SATURDAY, June 23, 2007 (HealthDay News) -- The type of sugar in a sugary drink may impact how healthy -- or unhealthy -- it is for arteries, a new study suggests.
Fructose-sweetened drinks are more likely to provoke the development of fatty artery deposits in overweight adults than glucose-sweetened beverages, researchers say.
Kimber Stanhope, of the University of California at Davis, and colleagues compared the results of drinking fructose-sweetened beverages versus glucose for 10 weeks in overweight and obese adults.
Participants ate a balanced diet with 30 percent fat and 55 percent complex carbohydrates. Thirteen of the participants also consumed glucose-sweetened drinks, while 10 drank fructose-sweetened drinks.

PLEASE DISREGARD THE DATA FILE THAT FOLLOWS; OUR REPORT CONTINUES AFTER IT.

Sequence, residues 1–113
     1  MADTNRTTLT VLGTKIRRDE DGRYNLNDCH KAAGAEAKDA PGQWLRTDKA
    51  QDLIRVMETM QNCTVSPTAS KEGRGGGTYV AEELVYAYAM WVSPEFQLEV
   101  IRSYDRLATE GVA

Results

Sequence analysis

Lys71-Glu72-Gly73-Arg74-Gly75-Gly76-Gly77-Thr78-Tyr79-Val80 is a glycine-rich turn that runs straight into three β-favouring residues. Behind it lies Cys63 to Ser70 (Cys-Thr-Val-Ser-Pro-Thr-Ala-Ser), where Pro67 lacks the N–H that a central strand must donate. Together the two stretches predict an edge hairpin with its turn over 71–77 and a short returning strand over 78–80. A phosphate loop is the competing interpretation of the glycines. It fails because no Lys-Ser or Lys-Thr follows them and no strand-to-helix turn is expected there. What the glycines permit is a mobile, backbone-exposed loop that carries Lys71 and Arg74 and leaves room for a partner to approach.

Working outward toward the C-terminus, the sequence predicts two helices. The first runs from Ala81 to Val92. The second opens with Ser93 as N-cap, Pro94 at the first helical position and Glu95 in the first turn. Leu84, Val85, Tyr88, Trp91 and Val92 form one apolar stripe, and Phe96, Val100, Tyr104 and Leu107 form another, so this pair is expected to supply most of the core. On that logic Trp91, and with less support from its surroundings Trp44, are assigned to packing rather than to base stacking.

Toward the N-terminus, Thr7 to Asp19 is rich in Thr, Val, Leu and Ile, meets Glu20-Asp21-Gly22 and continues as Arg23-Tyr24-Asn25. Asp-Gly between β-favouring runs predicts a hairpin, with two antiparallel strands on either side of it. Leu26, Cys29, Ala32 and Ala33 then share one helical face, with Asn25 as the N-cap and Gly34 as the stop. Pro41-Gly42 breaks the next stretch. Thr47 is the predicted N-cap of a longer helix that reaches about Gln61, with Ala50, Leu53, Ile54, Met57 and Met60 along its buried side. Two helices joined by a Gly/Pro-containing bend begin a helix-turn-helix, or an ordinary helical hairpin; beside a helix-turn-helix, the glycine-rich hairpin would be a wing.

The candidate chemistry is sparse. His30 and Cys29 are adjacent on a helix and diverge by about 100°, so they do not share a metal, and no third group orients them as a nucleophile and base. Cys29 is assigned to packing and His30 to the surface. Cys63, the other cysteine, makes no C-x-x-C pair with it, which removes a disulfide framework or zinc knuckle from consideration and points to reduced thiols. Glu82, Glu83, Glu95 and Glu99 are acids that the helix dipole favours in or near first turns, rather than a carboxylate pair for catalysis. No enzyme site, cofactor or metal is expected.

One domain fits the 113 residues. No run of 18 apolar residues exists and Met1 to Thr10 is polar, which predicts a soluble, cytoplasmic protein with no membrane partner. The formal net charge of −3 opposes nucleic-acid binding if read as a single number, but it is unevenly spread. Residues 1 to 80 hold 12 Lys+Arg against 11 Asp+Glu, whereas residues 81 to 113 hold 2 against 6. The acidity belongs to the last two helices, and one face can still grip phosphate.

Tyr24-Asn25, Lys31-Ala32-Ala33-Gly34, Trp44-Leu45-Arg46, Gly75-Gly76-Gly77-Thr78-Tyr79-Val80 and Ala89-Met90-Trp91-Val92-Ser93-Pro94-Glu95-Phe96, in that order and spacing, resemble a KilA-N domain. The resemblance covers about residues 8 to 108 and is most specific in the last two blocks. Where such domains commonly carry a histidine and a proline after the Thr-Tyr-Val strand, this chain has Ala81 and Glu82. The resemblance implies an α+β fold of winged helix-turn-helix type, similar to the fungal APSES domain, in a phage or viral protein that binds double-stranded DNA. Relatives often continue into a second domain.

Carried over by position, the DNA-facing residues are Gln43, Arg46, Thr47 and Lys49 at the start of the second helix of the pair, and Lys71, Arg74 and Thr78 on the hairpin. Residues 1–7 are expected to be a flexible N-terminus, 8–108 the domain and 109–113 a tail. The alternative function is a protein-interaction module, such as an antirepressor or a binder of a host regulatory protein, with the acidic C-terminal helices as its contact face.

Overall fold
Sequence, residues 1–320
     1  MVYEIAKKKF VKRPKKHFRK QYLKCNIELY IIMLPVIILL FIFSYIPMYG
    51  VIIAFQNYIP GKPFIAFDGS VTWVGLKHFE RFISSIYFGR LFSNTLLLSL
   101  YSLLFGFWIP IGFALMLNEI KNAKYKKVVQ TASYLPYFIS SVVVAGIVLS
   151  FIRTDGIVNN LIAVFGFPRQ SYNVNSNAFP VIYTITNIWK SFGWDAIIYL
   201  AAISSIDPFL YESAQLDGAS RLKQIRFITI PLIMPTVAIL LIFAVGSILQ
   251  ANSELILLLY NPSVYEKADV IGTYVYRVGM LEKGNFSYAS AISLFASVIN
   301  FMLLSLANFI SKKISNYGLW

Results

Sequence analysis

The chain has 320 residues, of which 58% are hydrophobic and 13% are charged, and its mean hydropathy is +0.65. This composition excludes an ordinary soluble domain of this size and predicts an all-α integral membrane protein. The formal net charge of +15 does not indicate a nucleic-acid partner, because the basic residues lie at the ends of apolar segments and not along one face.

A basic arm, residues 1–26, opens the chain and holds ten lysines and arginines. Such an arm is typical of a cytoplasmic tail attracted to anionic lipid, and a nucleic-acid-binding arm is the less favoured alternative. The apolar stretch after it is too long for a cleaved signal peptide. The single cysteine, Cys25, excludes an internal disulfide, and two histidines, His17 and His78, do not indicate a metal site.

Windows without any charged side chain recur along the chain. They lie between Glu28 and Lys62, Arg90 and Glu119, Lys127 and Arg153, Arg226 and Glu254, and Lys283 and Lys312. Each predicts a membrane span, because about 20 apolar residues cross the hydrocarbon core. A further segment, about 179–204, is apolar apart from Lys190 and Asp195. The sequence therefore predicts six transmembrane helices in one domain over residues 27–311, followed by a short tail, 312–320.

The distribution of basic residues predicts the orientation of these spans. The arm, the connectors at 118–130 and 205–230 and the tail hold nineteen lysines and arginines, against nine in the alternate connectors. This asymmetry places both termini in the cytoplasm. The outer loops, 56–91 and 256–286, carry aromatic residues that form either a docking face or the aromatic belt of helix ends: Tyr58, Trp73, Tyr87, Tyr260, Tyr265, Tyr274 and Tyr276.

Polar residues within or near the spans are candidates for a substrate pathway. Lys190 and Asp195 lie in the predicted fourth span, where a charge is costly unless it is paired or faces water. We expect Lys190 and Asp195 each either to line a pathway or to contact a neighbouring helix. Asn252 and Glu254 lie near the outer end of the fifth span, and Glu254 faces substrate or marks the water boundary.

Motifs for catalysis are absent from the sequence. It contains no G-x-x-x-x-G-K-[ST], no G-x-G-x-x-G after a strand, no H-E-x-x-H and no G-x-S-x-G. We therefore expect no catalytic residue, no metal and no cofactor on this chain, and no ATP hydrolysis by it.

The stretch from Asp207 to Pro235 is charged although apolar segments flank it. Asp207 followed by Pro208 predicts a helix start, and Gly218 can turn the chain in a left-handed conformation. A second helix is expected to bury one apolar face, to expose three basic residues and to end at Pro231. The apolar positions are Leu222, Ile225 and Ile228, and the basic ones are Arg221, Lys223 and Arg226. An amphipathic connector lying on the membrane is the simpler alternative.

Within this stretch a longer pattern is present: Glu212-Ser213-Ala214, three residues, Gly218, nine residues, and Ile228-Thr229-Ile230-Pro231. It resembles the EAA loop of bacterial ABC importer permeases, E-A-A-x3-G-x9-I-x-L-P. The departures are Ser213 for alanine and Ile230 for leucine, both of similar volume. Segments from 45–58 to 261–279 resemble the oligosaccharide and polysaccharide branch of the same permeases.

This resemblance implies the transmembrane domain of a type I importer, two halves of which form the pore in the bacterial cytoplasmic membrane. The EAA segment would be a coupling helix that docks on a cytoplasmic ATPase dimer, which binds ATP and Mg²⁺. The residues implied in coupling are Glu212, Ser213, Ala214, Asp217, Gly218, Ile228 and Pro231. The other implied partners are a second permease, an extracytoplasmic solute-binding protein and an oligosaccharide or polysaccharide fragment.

The researchers found that 9 weeks later, 24-hour post-meal triglyceride (blood fat) levels went up after 2 weeks of fructose-sweetened drink but went down in those who consumed glucose-sweetened drinks.
Those who drank fructose-sweetened drinks also had a boost in fasting blood concentrations of LDL ("bad") cholesterol and other measures. Those levels were unaltered in those consuming glucose-sweetened drinks, however.
The findings were scheduled to be presented Saturday at the annual meeting of the American Diabetes Association, in Chicago.
The bottom line, according to the researchers: "Persons at risk for developing metabolic syndrome and cardiovascular disease should avoid over-consumption of fructose-containing beverages."
The ADA notes, however, that consumption of fructose-sweetened beverages has gone up by 135 percent in the United States over the past four decades.
There's more on eating right to prevent diabetes at the American Dietetic Association.